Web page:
Up until PHP 7.4, the only way to add metadata to declarations of classes was through doc-comments. With the new Attributes V2 RFC, PHP defines attributes as structured, syntactic metadata developers can use to add to declarations of types, functions, properties, methods, parameters, and constants.
Now, developers can add attributes before or after a docblock comment and have one or more of them with one or more associated values.
Match expression V2
Those familiar with “switch expressions” already know what match expressions are about. Only match expressions are a better version of “switch.”
For instance, it offers safer semantics, which allows developers to return values only once. It can also combine conditions without ‘breaking’ values. Plus, it doesn’t do any type coercion and uses strict type comparisons.
Constructor property promotion
This RFC introduces a more concise syntax to help simplify the property declaration, which aims to merge the constructor and the parameter definition. Now, developers have a better way of declaring properties or parameters by making them less redundant and shorter. This RFC also lets developers reduce the boilerplate code they write for value objects.
Saner string to number comparisons
PHP 8.0 offers this RFC to make numeric string comparisons more reasonable. To do such a task before, PHP would cast the string to a number first, then perform the comparison between integers or floats. While this practice was helpful in different ways, it could create fatal errors with site function and security implications.
As mentioned, this RFC aims to offer string-to-number comparisons a more reasonable behavior. It will use a number comparison when comparing to a numeric string or convert the number to a string and use a string comparison.
Consistent type errors for internal functions
When passing an illegal type parameter, internal and user-defined functions behave differently. Internal functions don’t throw “TypeError” like user-defined functions. Instead, they emit warnings and return them as “null.”
PHP 8.0 addresses these inconsistencies by proposing an RFC that makes internal parameter parsing APIs generate a “ThrowError” in case of a parameter type mismatch. Because of this, all internal function behaviors are more consistent.
New classes, interfaces, and functions
Among the notable new PHP 8.0 changes are the WeakMap class. Generally, a weak map is a collection of data or objects with weakly-referenced keys. Weakly referencing data means there’s no preventing them from being destroyed, resulting in poor performance and memory leaks.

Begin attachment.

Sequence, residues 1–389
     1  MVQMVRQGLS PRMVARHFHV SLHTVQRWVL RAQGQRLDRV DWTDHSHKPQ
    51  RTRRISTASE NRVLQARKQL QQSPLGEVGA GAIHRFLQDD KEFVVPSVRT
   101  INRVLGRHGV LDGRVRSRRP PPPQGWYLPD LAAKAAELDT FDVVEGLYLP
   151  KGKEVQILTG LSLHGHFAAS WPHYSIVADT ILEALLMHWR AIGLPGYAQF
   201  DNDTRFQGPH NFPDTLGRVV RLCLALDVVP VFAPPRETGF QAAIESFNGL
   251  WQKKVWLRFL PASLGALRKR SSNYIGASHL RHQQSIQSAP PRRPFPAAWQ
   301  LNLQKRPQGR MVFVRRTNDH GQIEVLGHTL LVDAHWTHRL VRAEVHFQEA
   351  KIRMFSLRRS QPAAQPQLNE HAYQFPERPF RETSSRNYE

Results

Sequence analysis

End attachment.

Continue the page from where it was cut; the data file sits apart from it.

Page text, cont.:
PHP 7.4 supports weak references to retain a reference to data that doesn’t prevent it from being destroyed. However, raw, weak references are limited to themselves.
On the other hand, weak maps are much more common in practice. But it’s impossible to implement an efficient weak map on top of PHP weak references. With PHP 8.0’s WeakMap class, developers can do just that. They can create objects as weak map keys that developers or the program can destroy. That means PHP will consider and collect these objects as garbage if nothing references them for an extended period.
Another addition to the many helpful new PHP 8.0 features is the Stringable interface. This RFC automatically adds this function to all classes implementing the “__toString()” method. It means developers won’t have to manually encode the interface each time a class implements the code.
In previous versions of PHP, “strstr” and “strpos” were standard options for developers to look for a needle inside a string. Unfortunately, many viewed both functions as not intuitive enough and can be confusing for new PHP developers. Now, they can search inside a string more easily with the new “str_contains” function.
In addition to str_contains, PHP 8.0 offers “str_starts_with()” and “str_ends_with()” to help with better needle search inside a string.
Other new functions include “fdiv(),” “get_debug_type(),” “get resource_id(),” “token_get_all()” object implementation, and the DOM Traversal and Manipulation APIs.
Type system and error handling